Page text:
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Family is plenty motivated
Annual Sanford Health Great American Bike Race brings friends and families out in full force
Mitchell Hintz, left, helped pull together three teams of 10 riders each for this year's Great American Bike Race (GABR). The teams collectively raised more than $23,000. Mitchell, his mother, Donalda Hintz, right, and the entire family have benefited greatly from the GABR funds.
|Each April, the Hintz and Mosbrucker
clans from across western North Dakota
converge in Bismarck for a family reunion.
The venue isn’t a city park for a picnic or barbecue, though, and the competition between family members is a little more strenuous than a friendly three-legged race or softball game.
No, the families come to the capital city with a definite purpose. For six years, Donalda Hintz of Dickinson has organized riders for the Sanford Health Great American Bike Race (GABR), and aunts, uncles, sisters, brothers, nieces and nephews pedal to raise money to help people with cerebral palsy and related disabilities.
“I like just getting everyone together,” said 18-year-old Mitchell Hintz, Donalda’s son.
He’s the main reason they do. Mitchell has cerebral palsy, and funds raised through GABR have helped his family immensely over the years. What started as one team of 10 participants named Mitch’s Mighty Dickinson Riders ballooned to three teams of family and friends from Dickinson, Mott and Bismarck for the 2010 event, which took place Saturday, April 10, at Century High School.Interest in the teams has grown so much that several of the Mighty Riders split their turns riding in the annual
“They know it’s a great cause,” Donalda said. “They’ve seen it on TV. Each year we get more and more that want to come. We could’ve had eight or 10 teams, I bet.”
Mitch’s Mighty Riders are not only strong in terms of manpower. They are
also outstanding fundraisers, routinely placing among GABR’s top fundraising
teams. In 2009, Mitch’s teams raised nearly $30,000. In 2010, they raised
more than $23,000.
Rivalries carry over to the racing, as team members will sometimes make friendly wagers about who can pedal the greatest distance. There’s always a lot of gentle ribbing going back and forth between the riders.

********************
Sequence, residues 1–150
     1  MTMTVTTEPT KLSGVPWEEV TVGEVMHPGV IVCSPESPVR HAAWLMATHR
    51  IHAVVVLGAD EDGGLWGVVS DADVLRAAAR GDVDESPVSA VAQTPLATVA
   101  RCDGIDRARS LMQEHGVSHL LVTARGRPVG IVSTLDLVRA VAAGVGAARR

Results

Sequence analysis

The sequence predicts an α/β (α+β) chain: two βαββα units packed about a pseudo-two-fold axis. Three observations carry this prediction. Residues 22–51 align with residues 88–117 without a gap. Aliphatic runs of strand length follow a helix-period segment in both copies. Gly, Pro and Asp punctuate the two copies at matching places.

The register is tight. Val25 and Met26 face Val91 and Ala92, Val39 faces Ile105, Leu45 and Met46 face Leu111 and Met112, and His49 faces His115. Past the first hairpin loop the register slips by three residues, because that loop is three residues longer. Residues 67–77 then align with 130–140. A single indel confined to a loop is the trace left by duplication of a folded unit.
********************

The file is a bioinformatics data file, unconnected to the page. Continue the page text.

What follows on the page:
“It’s contagious. You feel it when you start walking in,” said Bob Mosbrucker, Donalda’s brother who lives in Bismarck. “When you look around in the gymnasium, there’s just an energy to it.”As if that electric atmosphere wasn’t enough to make it easy for all the family
“It touches home with me with my nephew Mitchell,” Mosbrucker said. “I see the benefits personally when I visit Mitch. I see the adaptive equipment the Great American Bike Race has helped purchase to make their lives easier.”
Funds from GABR have helped the Hintzes buy a manual wheelchair, a bath chair and an adaptable toilet for Mitchell to use. The biggest benefit came two years ago when GABR helped the family install an electronic wheelchair lift in its van.
“I can go wherever I want now,” Mitchell said.
The assistance from GABR has been priceless to the Hintzes.
“It means a lot,” Donalda said. “Raising a child with a disability, you have a lot of expenses insurance doesn’t cover.”
In its history, GABR has raised more than $1.2 million and has given away more than 600 grants to families who have children with disabilities.
“GABR funding makes it possible for families to obtain everyday essential items and help pay for portions of therapy services insurance will not cover,” said Dr. Kevin Murphy, a pediatric rehabilitation specialist at Sanford Health.
The 2010 event raised more than $220,000, a record amount.
“The big thing about GABR—and what keeps me coming back year after year—is that all the money stays local,” Mosbrucker said. “I know where it goes, and I see it. That’s huge.”
Click here for more information about Sanford Health's Great American Stationary Bike Race (GABR).